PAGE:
Building a vaccine at light speed: mRNA COVID vaccine development

Regulatory NewsRegulatory News | 04 November 2020 |  By 

Bringing messenger RNA (mRNA) technology to the COVID-19 vaccine race means taking advantage of the platform’s flexible, scalable attributes, said a pharmaceutical executive, speaking at RAPS Euro Convergence. However, moving at speed from pre-clinical molecule construction to advanced clinical trials required coordination and execution at unprecedented pace and scale.
The mRNA manufacturing process is flexible, said Andreas Kuhn, PhD, senior vice president for RNA biochemistry and manufacturing at the German firm BioNTech: “One process can be used to manufacture essentially any mRNA sequence.”
Additional advantages of mRNA therapeutics include that it “allows expression of multiple proteins, and thus targeting of multiple antigens on one RNA or using an RNA mixture,” said Kuhn. Additionally, mRNA can be its own adjuvant since it can be recognized by toll-like receptors and other parts of the signal transfection cascade; alternatively, he said, it can be made “immune-silent.”
Also, mRNA is a stable molecule, with one important caveat: “Just be aware of RNAases!” said Kuhn. Likewise, there is no risk of genomic integration, and since it is degraded into nucleotides, it has no toxic metabolites.
Dialing in the vaccine dose is important from the vaccine manufacturer’s perspective as production scales globally, said Kuhn. “There’s a huge difference where you have a vaccine where you have to manufacture 100 mcg per dose, where you would need 1 ton of RNA” in total, compared with a dose as small as 0.1 mcg, where the total RNA manufactured for 10 billion doses might total just 1 kg.
BioNTech used an all-in strategy to develop COVID-19 vaccines, exploring all three of its RNA types as part of the platform technology and designing multiple antigen variants using the SARS-CoV-2 spike protein “to bring the most active antigen into the clinic,” said Kuhn. The firm focused on manufacturing small batches of vaccine at “light speed” to test for safety, low reactogenicity and immunogenicity of the variants under consideration.
“What has made ‘light speed’ possible?” asked Kuhn. He elaborated that with the availability of a target sequence, a lead candidate can be designed in just a few hours. Then, assuming the ability to scale and produce a quality product, a DNA template can be made within days by means of oligonucleotide synthesis, gene assembly and PCR amplification.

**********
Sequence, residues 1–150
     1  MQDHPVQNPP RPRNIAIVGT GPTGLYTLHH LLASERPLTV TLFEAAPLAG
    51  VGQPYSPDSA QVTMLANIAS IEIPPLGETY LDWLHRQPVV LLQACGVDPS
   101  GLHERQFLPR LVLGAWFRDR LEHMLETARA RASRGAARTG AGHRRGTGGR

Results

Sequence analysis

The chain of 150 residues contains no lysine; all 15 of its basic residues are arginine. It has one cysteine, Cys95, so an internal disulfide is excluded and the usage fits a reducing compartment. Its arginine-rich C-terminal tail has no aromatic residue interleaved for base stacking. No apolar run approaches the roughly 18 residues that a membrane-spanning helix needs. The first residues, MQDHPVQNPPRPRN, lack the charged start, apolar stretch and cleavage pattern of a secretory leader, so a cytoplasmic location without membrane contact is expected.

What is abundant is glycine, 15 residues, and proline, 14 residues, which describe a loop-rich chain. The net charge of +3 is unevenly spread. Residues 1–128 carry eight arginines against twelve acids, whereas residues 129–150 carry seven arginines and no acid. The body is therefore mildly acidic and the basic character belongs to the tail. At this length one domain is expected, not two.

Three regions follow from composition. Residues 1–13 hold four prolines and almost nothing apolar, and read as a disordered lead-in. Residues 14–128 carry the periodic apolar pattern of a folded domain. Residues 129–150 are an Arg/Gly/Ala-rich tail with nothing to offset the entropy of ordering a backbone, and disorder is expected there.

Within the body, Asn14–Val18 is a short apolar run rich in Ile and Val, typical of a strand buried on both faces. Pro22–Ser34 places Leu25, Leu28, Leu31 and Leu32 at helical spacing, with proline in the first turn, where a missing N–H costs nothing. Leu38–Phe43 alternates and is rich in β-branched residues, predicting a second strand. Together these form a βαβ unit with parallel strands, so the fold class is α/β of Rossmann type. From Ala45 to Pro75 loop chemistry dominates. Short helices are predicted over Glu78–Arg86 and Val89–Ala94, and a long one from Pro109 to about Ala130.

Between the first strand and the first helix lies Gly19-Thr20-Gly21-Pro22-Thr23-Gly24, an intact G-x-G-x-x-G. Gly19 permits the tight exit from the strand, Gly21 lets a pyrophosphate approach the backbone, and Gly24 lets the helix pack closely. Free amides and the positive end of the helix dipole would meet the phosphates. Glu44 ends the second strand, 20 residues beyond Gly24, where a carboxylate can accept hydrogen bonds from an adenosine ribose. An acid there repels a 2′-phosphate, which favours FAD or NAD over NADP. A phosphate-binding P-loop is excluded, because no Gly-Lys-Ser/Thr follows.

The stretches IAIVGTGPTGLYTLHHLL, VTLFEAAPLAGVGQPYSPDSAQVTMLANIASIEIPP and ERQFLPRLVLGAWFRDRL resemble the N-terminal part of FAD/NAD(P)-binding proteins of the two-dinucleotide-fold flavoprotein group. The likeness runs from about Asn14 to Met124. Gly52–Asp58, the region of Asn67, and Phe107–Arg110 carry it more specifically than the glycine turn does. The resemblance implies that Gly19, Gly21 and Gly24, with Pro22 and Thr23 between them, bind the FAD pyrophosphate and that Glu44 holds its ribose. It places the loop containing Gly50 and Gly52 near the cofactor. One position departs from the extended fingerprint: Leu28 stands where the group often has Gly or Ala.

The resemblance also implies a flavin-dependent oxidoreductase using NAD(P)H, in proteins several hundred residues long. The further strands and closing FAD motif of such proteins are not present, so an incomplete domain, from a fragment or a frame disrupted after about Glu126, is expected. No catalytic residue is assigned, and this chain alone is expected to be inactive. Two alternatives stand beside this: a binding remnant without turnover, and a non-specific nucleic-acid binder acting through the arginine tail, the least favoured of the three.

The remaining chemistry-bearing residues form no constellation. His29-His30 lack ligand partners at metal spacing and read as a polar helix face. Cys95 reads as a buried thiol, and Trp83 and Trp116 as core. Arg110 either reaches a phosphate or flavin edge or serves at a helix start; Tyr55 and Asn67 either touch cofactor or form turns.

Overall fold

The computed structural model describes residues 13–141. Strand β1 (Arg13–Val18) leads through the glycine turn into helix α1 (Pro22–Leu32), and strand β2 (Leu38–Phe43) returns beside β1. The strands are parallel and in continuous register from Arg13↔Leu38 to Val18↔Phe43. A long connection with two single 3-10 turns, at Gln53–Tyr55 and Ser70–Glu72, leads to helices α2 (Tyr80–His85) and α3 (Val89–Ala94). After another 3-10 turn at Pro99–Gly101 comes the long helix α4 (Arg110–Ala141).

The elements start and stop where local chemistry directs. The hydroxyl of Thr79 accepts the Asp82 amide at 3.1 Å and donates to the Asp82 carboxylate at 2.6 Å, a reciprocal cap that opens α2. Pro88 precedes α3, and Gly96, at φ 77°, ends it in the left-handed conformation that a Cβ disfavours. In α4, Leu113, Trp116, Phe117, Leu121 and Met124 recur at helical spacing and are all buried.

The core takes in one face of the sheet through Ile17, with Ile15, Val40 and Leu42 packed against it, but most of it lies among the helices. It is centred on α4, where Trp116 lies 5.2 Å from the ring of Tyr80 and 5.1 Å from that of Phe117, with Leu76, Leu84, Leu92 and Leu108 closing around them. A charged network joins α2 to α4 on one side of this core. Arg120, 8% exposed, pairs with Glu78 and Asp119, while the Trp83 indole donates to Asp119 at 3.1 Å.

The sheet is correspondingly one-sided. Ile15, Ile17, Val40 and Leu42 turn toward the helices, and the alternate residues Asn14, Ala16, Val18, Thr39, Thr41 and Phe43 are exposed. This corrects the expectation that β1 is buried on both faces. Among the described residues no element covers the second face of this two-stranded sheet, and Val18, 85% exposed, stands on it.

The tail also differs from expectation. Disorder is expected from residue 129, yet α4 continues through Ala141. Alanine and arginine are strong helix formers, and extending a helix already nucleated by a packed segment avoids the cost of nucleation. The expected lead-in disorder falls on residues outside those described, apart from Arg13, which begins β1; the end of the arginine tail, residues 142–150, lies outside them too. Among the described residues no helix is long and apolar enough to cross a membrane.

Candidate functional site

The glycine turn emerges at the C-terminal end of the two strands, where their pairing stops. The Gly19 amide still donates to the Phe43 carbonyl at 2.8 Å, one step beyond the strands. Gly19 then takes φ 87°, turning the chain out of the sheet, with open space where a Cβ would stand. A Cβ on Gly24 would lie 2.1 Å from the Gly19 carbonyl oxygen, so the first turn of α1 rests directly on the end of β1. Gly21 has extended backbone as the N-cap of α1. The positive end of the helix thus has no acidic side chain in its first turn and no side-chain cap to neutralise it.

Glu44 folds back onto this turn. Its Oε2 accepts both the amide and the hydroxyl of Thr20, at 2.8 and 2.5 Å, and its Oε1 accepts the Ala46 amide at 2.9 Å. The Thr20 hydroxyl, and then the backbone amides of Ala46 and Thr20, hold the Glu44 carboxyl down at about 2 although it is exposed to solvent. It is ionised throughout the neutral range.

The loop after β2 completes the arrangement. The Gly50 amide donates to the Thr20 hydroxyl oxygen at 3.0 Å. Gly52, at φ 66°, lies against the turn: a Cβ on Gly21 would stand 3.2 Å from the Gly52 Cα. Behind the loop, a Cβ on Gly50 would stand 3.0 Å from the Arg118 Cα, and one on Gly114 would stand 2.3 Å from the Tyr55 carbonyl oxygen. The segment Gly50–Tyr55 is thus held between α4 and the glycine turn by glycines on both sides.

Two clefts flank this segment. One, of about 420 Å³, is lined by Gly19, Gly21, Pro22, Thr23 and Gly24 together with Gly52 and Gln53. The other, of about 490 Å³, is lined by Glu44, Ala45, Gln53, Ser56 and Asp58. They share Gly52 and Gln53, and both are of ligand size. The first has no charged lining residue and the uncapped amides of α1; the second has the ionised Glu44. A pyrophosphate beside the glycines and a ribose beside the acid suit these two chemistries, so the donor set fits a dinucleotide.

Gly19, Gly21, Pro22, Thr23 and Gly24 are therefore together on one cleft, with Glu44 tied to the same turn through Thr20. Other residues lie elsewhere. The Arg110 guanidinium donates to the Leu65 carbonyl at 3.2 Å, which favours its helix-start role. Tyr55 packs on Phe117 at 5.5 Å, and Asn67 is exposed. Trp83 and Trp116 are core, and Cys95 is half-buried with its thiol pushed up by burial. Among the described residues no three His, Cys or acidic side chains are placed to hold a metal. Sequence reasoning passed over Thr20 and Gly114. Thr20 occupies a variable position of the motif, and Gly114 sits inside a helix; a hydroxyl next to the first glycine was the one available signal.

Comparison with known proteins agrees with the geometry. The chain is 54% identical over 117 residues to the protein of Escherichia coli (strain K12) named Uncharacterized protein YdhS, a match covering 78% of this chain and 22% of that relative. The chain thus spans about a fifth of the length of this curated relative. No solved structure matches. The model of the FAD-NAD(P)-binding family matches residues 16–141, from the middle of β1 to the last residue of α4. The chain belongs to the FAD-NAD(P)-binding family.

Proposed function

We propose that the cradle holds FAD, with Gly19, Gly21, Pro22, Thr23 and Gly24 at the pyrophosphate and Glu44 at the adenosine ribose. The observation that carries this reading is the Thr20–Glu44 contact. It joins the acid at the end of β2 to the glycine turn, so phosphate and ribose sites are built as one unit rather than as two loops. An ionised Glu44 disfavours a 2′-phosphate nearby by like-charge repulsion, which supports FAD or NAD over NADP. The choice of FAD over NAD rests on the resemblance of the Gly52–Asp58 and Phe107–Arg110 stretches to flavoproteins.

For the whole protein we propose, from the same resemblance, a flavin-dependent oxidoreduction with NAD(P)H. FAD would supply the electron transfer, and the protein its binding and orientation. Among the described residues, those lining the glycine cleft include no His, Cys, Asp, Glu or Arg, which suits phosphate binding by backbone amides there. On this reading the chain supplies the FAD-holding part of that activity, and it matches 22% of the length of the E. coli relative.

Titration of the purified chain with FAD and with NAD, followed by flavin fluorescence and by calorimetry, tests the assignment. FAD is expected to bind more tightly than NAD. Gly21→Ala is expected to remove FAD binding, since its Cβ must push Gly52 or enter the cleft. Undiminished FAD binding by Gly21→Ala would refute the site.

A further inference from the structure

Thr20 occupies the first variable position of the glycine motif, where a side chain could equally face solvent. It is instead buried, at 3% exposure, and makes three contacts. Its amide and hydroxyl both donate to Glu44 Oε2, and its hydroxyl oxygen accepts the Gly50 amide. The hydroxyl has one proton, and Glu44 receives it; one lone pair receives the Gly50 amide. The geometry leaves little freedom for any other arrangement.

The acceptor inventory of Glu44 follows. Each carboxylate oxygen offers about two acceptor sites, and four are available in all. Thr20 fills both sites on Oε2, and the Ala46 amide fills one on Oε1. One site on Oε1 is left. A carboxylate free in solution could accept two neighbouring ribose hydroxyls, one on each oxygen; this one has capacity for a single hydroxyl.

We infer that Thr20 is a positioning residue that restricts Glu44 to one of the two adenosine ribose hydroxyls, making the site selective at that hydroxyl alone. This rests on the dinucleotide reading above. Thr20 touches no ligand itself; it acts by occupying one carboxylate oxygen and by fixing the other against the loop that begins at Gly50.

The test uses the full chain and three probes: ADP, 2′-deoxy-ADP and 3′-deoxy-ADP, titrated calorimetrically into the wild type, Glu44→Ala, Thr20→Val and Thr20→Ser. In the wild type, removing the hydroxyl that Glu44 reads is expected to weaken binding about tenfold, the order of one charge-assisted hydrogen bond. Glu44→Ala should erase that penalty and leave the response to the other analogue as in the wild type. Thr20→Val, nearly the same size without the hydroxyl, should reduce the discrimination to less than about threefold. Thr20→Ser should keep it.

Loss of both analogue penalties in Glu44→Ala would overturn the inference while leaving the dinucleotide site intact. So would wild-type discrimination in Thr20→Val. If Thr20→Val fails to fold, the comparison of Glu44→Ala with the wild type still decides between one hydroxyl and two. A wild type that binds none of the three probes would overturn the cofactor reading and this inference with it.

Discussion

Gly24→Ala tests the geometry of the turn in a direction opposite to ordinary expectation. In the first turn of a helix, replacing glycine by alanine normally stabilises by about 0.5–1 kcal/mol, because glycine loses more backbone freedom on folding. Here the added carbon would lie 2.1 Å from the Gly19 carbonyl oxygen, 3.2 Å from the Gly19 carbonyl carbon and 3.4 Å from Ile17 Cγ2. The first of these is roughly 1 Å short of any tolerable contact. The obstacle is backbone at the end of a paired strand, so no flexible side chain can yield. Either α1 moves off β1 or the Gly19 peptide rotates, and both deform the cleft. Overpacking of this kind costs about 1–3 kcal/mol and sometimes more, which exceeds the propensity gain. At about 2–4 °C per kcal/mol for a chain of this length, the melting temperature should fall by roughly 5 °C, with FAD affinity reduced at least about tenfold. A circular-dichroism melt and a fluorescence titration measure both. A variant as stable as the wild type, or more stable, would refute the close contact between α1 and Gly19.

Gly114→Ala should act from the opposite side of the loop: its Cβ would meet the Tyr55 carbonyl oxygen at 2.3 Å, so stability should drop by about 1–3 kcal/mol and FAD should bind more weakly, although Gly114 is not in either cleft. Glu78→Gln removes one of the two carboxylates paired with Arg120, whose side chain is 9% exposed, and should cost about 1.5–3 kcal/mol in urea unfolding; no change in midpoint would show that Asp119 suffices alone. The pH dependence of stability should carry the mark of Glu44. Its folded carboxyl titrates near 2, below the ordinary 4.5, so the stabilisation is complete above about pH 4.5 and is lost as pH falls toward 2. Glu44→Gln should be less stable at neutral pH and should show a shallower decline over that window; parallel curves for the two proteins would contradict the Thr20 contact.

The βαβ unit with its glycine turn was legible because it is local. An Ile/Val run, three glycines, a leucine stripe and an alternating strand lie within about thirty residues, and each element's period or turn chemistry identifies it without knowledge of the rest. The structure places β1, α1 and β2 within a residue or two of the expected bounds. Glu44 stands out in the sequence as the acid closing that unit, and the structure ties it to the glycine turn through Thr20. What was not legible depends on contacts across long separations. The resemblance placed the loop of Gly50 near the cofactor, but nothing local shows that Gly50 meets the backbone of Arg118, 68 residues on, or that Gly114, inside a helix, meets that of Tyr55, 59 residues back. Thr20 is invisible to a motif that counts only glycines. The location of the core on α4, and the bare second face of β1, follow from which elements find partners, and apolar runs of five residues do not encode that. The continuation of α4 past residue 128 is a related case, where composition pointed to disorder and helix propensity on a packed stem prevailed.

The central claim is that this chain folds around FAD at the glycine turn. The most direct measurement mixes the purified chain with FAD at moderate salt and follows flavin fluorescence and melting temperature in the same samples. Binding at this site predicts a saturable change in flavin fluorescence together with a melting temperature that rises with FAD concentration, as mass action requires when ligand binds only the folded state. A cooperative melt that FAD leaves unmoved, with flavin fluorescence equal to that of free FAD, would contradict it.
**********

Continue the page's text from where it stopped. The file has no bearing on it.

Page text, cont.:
Key to these abilities, though, was the availability of good manufacturing processes- (GMP-) compliant manufacturing for both the RNA and lipid nanoparticles technologies that are essential to vaccine production.
“In addition, from the beginning we had constant interaction with regulatory agencies”, said Kuhn. “This allowed us to have the first GMP batch including analytics within 3 months after the first internal project meeting.”
Those candidates that were faring well in the small-batch phase were manufactured at larger scale in parallel, for use in larger scale clinical trials. Simultaneously, efforts were underway to find partners with whom BioNTech could collaborate for worldwide vaccine production.
At present, BioNTech has already manufactured “dozens” of GMP batches for the firm’s vaccine candidates, and clinical studies for all three RNA types have been approved.
A midsummer evaluation of phase I data brought forward the modRNA vaccine BNT 162b2 as the candidate for further study, said Kuhn. As of the last week of October 2020, participants in the global phase II/III study have been dosed in Argentina, Brazil, Germany, Turkey, South Africa and the US.
Kuhn said next steps will involve “upscaling of manufacturing for pandemic and market supply,” so that production can move from the scale of grams to kilograms and beyond. “That involves things like ensuring the supply of starting materials, so here we are really talking about amounts that are orders of magnitude higher than we have used before,” he said.
The BioNTech team had to accomplish certain process changes for upscaling – and “it’s also about securing manufacturing capacity,” he said. Kuhn said that going forward, the platform should be ready for challenges from emerging diseases, as well as for existing viral illnesses.
Euro Convergence 2020


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